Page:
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Employability and Publishing

November 4th, 2014 | Posted in Blog | Comments Off on Employability and Publishing
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Illustration by John Griffiths in Penguins Progress 1935-1960    Penguin Books Ltd., September 1960

Alec Spencer, from our MRes in Publishing Studies, considers employability questions:

It seems to me, probably as it does to many observers and those within the publishing industry, that the publishing industry is in a period of massive change. The new technologies are impacting in many ways, and in ways still to be discovered. Were I to be a publisher, I would be only too well aware of the Henry Ford aphorism “If you always do what you always did, you’ll always get what you always got”. Doing things the same way as in the past must surely lead to stagnation and extinction.

As someone not really contemplating a further career, I thought I might reflect on what an employer or recruiter is really looking for. While I would obviously want applicants to have the basic skills and competencies (skill set) required in the industry, what I would require is someone with flair, imagination and drive to take my company forward. In the end, an employer wants his or her company to be successful and make profit. To do so, the employee has to add value.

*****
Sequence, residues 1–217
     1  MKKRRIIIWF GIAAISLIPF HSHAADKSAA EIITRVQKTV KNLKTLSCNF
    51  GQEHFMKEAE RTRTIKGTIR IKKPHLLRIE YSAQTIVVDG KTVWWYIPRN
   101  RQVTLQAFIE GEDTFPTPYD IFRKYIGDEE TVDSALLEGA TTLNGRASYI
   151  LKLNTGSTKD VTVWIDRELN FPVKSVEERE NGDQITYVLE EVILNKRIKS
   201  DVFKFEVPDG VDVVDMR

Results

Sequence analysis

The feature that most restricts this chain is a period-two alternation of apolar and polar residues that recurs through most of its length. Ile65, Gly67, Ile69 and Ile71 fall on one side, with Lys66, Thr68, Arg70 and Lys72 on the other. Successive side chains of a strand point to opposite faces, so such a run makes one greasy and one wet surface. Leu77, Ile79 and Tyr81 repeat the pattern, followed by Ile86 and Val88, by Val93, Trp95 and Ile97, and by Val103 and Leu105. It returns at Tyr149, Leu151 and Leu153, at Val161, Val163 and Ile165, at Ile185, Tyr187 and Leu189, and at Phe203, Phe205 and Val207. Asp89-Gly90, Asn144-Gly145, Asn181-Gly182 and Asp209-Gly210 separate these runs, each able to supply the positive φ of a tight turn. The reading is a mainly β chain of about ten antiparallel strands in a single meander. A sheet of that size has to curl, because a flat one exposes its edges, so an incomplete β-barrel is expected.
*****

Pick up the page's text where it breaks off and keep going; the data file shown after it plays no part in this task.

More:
In an environment where there is competition for employment, employers can take their pick. From what I have said it is clear that simply having the requisite skill set may not be sufficient to propel the applicant into a job. In addition to luck or happenstance I would suggest that four things are required: First, the applicant has already shown flair and imagination in broadening their interests and skills, that they have additional ‘new’ skills in new technologies and new media (e.g. they can blog). Second, they can achieve, so that in addition to their academic and vocational successes, they can demonstrate achievement – that they have already done something of value (e.g. have a well established and well followed blog, developed a web-site, published something of their own). Third, they can demonstrate an energy which shows their drive and enthusiasm. It would be good to example an activity undertaken with passion which has a positive outcome. Finally, they have the capacity to translate this into an enticing application letter and CV.

As in good writing, or when meeting someone, it is the first few moments that have the highest impact. The short application letter must transmit the energy, accomplishments, and the potential for added value that the candidate brings.